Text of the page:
Worst Quarter in Private and Government Foreclosures

by Simon Lindsay on Foreclosure Crisis

The last quarter of 2008 will be recorded in U.S. history as the bleakest quarter in terms of private and government foreclosures since the Great Depression. It will also go down in history as the worst in terms of national income, production output, corporate profits, household income, wealth and job growth.

According to the Commerce Department, output dropped at an annualized rate of 6.3 percent in the last three months, the biggest decline since the early 1980s and third lowest GDP since the 1950s.

During the last quarter of 2008, almost every major economic sector declined, including business investment, consumer spending, housing investment and exports. The only one that did not decline was federal government spending.

Another thing that declined rapidly was gross domestic income. It fell by an annualized rate of 7.6 percent, the biggest fall since the early 1980s and the second lowest since the 1950s.

As expected, corporate profits also declined by $250 billion, a record decline of 16.6 percent quarterly rate. The decline is the worst since 1953 and the figure does not even include the write-downs posted by financial companies due to their bad debts.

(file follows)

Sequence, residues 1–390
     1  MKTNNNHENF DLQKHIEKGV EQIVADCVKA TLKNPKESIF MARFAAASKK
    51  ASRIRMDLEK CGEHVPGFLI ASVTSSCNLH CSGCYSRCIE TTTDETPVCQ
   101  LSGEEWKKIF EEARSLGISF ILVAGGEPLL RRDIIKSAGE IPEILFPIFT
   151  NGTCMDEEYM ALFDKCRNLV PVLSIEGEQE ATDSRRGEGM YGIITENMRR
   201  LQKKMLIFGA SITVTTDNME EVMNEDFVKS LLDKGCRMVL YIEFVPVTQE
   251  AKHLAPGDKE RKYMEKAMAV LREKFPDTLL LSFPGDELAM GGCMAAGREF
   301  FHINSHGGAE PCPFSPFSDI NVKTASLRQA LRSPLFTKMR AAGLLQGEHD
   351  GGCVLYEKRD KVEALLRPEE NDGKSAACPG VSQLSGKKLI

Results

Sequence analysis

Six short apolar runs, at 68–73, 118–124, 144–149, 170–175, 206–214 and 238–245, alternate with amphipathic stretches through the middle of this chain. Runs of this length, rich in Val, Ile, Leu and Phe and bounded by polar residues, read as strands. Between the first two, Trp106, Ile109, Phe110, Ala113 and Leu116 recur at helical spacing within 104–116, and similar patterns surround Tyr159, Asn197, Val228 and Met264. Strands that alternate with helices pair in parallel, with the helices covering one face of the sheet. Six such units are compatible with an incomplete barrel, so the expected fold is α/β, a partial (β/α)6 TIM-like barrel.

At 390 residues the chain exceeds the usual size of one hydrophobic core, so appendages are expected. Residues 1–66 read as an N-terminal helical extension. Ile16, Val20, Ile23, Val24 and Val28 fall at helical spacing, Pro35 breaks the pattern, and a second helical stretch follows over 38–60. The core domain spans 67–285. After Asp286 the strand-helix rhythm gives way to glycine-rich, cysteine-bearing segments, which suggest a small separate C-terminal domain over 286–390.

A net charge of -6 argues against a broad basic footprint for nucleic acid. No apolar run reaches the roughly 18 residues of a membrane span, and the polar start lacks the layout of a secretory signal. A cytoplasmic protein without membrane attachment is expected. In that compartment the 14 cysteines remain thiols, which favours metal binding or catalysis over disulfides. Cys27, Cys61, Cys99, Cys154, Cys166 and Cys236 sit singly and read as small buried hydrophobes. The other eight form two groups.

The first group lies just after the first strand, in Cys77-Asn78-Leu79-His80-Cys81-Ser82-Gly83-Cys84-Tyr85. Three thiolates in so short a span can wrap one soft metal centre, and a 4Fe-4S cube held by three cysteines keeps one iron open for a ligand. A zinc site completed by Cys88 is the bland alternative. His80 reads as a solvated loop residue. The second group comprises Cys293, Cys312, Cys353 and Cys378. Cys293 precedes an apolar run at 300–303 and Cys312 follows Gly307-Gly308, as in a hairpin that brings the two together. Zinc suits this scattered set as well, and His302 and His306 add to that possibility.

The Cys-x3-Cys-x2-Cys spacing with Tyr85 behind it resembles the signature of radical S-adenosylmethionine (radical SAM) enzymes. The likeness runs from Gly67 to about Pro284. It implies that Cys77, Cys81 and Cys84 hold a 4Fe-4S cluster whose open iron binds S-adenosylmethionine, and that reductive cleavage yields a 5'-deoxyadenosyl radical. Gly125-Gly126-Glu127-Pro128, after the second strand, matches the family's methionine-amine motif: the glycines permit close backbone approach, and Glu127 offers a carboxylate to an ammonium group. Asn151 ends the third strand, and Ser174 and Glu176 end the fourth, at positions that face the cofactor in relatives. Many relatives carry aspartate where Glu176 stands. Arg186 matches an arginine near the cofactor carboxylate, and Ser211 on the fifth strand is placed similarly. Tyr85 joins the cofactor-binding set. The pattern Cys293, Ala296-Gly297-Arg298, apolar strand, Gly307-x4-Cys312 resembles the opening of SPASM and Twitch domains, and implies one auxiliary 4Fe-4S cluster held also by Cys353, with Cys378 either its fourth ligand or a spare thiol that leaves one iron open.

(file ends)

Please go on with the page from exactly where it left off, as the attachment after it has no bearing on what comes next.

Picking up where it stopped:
Disposable incomes of individuals fell by an annualized rate of 2.3 percent. Households lost more than $5 trillion in wealth. The net worth of households fell at an annualized rate of 31 percent, about double the worst decline recorded by the Fed since 1952.

These declines contributed to the large numbers of residential properties lost to private and government foreclosures during the quarter.

Although new private and government foreclosures were relatively negligible in the last quarter because of moratoriums on private and government foreclosures, the number of mortgage borrowers behind in payments by at least one month increased by a record 7.9 percent. During the quarter, more than 11 percent of mortgage loans were either behind by at least one month or in private or government foreclosures.

Additionally, an estimated 1.28 million jobs were eliminated, only the second time a job loss of more than 1 million occurred. During World War II, about 1.35 million Americans lost their jobs. If job loss numbers are calculated in comparison to the total workforce nationwide, job loss totals in the last quarter of 2008 increased by almost 1 percent, again the second biggest loss since the 1950s. The continued rise in private and government foreclosures are an indication of the bleak level of employment indexes.

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